Best of the American Short Story

Illustration of Edgar Allan Poe`s "The Sleeper"

The short story maintains a strong tradition in American literature heritage. Even today, the short story can be considered a uniquely American genre. Since the 19th Century works of Poe, Hawthorne, Chopin, and more appeared in different publications, magazines, and collections, these authors solidified the status of short story telling in American culture. Here are a few top picks from some of the biggest names in short story to date. 

1. "The Story of an Hour" by Kate Chopin (1894)

"Knowing that Mrs. Mallard was afflicted with a heart trouble, great care was taken to break to her as gently as possible the news of her husband's death."

Originally published in Vogue, this American short story offers a jarring tale of death and freedom when a Victorian housewife receives news of a tragic accident. Chopin`s take on women finding their own independence despite domestic life is considered one of the earliest feminist narratives to gain popularity in the states. 

2."A Good Man is Hard to Find" by Flannery O`Connor

"She was a talker, wasn't she?" Bobby Lee said, sliding down the ditch with a yodel.

"She would of been a good woman," The Misfit said, "if it had been somebody there to shoot her every minute of her life."

An unusual yet humorous tale of family and misfortune, "A Good Man is Hard to Find" is Flannery O`Connor's most distinguished work. After finding out that a killer named the Misfit is headed towards their Florida vacation destination, a family decides to take a turn east for Tennessee. However, their efforts to escape a strange menace don`t turn out as planned. O`Connor`s keen sense of humor and jarring tragedy make this not only entertaining but impactful. 

3. "The Cask of Amontillado" by Edgar Allan Poe 

"The thousand injuries of Fortunato I had borne as I best could, but when he ventured upon insult I vowed revenge."

From the man who popularized the short story in the United States, Edgar Allan Poe`s "The Cask of Amontillado" still sends shivers and electric feels through readers in the 21st Century. Seeking revenge upon insults from Fortunato, a menacing Montresor lures drunken Fortunato into the catacombs to bury him alive. Fortunate ending, right?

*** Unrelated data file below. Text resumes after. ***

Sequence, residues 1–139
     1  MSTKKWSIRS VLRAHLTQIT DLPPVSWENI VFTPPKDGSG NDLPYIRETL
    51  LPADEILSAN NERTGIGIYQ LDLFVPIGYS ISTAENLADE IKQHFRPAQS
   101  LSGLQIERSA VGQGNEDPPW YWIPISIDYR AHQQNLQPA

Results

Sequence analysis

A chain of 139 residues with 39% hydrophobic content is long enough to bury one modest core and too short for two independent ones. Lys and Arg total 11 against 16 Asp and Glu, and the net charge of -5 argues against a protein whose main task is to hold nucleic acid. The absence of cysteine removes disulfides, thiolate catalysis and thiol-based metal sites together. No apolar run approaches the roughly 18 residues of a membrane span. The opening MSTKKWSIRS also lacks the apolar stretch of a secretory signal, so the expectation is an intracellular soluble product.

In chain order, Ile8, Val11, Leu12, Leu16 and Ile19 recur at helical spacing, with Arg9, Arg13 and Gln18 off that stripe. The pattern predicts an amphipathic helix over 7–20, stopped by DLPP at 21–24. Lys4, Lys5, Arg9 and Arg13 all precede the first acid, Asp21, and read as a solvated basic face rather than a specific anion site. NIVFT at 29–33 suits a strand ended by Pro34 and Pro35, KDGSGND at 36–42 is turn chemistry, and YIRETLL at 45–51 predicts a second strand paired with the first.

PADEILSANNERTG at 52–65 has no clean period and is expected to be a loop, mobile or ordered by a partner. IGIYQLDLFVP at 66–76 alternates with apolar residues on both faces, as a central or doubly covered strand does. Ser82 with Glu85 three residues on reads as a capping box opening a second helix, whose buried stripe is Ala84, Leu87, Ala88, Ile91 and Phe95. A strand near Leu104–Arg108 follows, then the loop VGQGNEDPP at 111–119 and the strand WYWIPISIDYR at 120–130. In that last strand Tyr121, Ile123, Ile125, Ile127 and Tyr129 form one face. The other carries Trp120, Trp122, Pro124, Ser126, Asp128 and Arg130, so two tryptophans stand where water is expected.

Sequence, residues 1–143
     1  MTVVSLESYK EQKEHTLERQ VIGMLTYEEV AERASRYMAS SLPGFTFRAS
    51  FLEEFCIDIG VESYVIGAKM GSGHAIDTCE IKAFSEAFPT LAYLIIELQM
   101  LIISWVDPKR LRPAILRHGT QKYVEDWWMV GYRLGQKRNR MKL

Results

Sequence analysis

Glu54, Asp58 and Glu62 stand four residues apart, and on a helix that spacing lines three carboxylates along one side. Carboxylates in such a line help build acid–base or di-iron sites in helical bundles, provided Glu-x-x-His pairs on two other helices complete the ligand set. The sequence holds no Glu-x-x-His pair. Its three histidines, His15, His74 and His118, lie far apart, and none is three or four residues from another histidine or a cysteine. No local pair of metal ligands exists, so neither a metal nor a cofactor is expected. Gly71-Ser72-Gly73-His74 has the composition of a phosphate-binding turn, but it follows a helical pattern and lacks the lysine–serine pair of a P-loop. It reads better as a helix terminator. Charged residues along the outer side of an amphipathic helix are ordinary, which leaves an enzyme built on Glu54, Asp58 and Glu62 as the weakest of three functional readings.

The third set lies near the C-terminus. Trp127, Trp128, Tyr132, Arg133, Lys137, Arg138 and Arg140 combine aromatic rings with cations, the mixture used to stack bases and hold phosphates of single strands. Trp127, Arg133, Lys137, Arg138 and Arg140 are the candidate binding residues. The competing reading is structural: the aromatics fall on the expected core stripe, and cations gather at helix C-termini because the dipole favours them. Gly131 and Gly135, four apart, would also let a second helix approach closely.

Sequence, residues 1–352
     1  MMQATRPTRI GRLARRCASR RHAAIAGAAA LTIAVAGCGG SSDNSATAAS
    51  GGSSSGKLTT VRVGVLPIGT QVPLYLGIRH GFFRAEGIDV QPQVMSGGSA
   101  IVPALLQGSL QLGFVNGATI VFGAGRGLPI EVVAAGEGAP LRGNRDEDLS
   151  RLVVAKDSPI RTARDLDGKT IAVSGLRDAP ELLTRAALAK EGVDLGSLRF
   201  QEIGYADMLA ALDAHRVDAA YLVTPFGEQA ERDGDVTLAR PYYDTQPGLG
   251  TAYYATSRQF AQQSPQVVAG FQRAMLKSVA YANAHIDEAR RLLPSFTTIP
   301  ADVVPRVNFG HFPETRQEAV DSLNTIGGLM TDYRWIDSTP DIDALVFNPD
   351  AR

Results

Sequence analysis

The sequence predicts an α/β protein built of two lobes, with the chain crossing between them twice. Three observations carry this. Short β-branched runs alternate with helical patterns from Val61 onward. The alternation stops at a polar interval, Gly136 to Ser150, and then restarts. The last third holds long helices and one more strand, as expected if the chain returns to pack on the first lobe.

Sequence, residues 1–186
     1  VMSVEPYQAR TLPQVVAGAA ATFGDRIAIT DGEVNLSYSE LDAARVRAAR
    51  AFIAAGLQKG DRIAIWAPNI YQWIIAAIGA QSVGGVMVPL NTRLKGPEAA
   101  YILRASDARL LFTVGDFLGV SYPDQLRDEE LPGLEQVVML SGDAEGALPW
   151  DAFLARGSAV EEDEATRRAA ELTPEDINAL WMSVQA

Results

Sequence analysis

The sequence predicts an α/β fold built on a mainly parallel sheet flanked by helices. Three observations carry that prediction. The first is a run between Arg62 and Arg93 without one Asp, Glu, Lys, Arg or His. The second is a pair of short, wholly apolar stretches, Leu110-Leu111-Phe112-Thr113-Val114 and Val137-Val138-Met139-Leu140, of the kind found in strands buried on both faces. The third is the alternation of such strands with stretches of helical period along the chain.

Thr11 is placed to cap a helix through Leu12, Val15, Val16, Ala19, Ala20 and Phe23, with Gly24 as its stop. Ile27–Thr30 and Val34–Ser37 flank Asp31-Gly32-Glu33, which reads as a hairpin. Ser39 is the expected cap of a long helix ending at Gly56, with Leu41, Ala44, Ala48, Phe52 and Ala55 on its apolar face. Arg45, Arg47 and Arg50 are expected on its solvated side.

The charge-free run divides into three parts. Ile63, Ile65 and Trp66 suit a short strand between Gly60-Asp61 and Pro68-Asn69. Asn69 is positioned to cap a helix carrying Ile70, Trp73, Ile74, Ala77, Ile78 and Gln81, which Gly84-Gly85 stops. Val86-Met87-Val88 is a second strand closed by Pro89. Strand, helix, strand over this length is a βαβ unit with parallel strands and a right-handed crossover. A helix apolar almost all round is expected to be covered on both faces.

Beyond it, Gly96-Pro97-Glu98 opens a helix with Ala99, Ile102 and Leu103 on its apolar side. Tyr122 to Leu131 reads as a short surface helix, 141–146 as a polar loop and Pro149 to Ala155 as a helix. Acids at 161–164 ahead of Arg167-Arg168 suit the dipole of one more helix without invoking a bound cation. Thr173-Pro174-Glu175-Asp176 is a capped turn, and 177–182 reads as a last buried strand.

4. "Young Goodman Brown" by Nathaniel Hawthorne (1835)

"In truth, all through the haunted forest there could be nothing more frightful than the figure of Goodman Brown. On he flew among the black pines, brandishing his staff with frenzied gestures, now giving vent to an inspiration of horrid blasphemy, and now shouting forth such laughter as set all the echoes of the forest laughing like demons around him." 

The author of the classic The Scarlet Letter, Nathaniel Hawthorne looks at religious and colonial themes during early American life through his short story "Young Goodman Brown." Upon leaving his virtuous wife Faith at home in Salem Village, Massachusetts, Young Goodman Brown sets off on a terrifying forest trail. To his misfortune, he stumbles upon creatures and townspeople conspiring with the devil, and he never recovers from the sights of the evening. 

5. "Bartleby, The Scrivener" by Herman Melville (1856)

"In this very attitude did I sit when I called to him, rapidly stating what it was I wanted him to do--namely, to examine a small paper with me. Imagine my surprise, nay, my consternation, when without moving from his privacy, Bartleby in a singularly mild, firm voice, replied, 'I would prefer not to.'"

From the classic author Herman Melville comes the strange and humorous tale of "Bartleby, The Scrivener" in which a Manhattan lawyers gets much less than he bargained for upon hiring a scrivener named Bartleby. The two maintain a battle of productivity when Bartleby starts slacking off at work. The lawyer`s inquiries into such a disposition make for an intriguing tale.